What: All Issues : Aid to Less Advantaged People, at Home & Abroad : America's Poor : (H. Con. Res. 35) Passage of legislation that would effectively defund the landmark 2010 health care reform law that expanded health insurance coverage to 31 million previously uninsured Americans, and prohibited insurance companies from denying coverage to individuals with pre-existing medical conditions (2011 house Roll Call 270)
 Who: All Members : New York, District 2 : King, Pete
[POW!]
 
(H. Con. Res. 35) Passage of legislation that would effectively defund the landmark 2010 health care reform law that expanded health insurance coverage to 31 million previously uninsured Americans, and prohibited insurance companies from denying coverage to individuals with pre-existing medical conditions
house Roll Call 270     Apr 14, 2011
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This was a vote on  passage of legislation that would effectively defund the landmark 2010 health care reform law that expanded health insurance coverage to 31 million previously uninsured Americans, and prohibited insurance companies from denying coverage to individuals with pre-existing medical conditions. The health care law also imposed a requirement that most Americans have health insurance. Employers with more than 50 workers were required to provide health insurance for their employees. The measure added 15 million people to the Medicaid rolls, and subsidized the purchase of private health insurance coverage for low- and middle-income people. In addition, the health care law imposed a 40% tax on high-cost insurance plans -- or those plans that are worth more than $27,500 for families, and $10,200 for individuals. 

Technically, this vote was on an “enrollment correction resolution.” Such resolutions are generally used for making technical changes to previously passed legislation. In this case, the enrollment correction added legislative language defunding the health care reform law to a recently passed government-funding bill. During negotiations on the government-funding bill, Senate Democrats agreed to hold an up-or-down vote on repealing the health care law. Specifically, Sen. Majority Leader Harry Reid agreed to bring up this enrollment correction resolution for an up-or-down vote after it had passed the House.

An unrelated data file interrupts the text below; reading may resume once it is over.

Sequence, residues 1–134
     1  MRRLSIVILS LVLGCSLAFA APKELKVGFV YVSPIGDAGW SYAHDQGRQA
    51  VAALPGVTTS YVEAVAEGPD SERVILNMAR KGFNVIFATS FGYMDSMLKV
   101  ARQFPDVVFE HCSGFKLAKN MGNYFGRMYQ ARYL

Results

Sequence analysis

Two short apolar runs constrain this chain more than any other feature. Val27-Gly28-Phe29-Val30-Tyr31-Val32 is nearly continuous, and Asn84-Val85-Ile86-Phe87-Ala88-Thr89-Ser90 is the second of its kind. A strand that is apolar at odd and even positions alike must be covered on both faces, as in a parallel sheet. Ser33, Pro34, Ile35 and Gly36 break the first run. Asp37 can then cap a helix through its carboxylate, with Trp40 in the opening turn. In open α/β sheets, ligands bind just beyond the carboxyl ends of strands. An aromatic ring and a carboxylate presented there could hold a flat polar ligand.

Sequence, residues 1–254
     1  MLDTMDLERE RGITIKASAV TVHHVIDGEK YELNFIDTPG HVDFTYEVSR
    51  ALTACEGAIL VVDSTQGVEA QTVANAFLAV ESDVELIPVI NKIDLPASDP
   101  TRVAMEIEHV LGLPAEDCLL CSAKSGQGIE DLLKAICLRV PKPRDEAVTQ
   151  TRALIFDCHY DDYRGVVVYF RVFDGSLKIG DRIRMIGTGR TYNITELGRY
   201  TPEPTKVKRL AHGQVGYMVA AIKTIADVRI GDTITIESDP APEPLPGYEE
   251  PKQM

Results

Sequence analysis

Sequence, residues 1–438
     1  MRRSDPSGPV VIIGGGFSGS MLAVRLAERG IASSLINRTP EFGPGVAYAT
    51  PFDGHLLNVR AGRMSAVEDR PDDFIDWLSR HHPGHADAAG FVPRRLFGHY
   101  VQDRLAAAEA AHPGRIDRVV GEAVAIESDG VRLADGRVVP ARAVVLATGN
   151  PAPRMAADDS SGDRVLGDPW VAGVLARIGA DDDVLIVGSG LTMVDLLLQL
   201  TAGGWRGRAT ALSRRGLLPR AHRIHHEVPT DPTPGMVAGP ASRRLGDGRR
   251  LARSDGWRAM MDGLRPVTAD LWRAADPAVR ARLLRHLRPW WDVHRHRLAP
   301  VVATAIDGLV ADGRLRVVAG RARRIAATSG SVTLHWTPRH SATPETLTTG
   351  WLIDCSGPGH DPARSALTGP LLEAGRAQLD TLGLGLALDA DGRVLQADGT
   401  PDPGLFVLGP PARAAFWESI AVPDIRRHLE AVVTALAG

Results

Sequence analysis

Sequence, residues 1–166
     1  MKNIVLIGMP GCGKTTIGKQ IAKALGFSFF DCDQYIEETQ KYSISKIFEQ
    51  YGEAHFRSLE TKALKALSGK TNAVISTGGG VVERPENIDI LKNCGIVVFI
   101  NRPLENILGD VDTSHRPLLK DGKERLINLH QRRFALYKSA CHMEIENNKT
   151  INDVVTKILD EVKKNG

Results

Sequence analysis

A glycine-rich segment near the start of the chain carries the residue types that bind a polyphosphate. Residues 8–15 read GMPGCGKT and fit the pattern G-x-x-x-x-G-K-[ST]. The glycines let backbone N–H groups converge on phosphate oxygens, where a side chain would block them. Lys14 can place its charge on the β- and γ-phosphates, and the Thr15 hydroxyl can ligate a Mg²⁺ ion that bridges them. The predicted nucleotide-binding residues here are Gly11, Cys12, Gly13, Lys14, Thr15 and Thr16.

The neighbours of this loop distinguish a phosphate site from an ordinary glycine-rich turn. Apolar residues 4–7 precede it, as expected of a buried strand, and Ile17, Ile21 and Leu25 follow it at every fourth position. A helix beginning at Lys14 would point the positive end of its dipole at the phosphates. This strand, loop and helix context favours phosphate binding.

Rep. Nita Lowey (D-NY) opposed the measure: “I rise in strong opposition to the resolution. The House should be debating legislation to create jobs, not procedural tricks to repeal health reform and increase our deficit. Under this resolution, pregnant women and cancer survivors could lose coverage when they most need it. Young adults would lose coverage on their parents' plans. Seniors would pay higher drug costs. Businesses and families would not receive tax credits for affordable coverage; and accountability for large insurers to spend at least 85 percent of premiums on health benefits would end. Vote against this resolution in order to preserve vital consumer protections in health reform, reduce costs, and decrease the deficit.”

Rep. Steve King (R-IA) supported this legislation, arguing it would freeze the implementation of the health care law until the Supreme Court ruled that it was unconstitutional or a new president was elected: “ObamaCare [the 2010 health care law] has been rejected by the American people. It sent 87 freshmen Republicans here [in the 2010 midterm elections] to Congress to repeal it. Every Republican in not only the House of Representatives but in the United States Senate has voted to repeal ObamaCare….It [the enrollment correction resolution] puts a freeze on it so the courts can decide, so the will of the people can be reflected not just in the House of Representatives, but eventually in the United States Senate. And also, let's bring a President that will sign this repeal, this unconstitutional taking of American liberty that is known as ObamaCare.”

The House passed this resolution by a vote of 240-185. All 237 Republicans present and 3 Democrats voted “yea.” 185 Democrats voted “nay.” As a result, the House passed a resolution that would effectively defund the landmark 2010 health care reform law that expanded health insurance coverage to 31 million previously uninsured Americans, and prohibited insurance companies from denying coverage to individuals with pre-existing medical conditions. The Senate, however, rejected the measure by a vote of 47-53. Thus, this legislation repealing the health care reform law was not enacted, and the landmark 2010 health care reform law remained intact.

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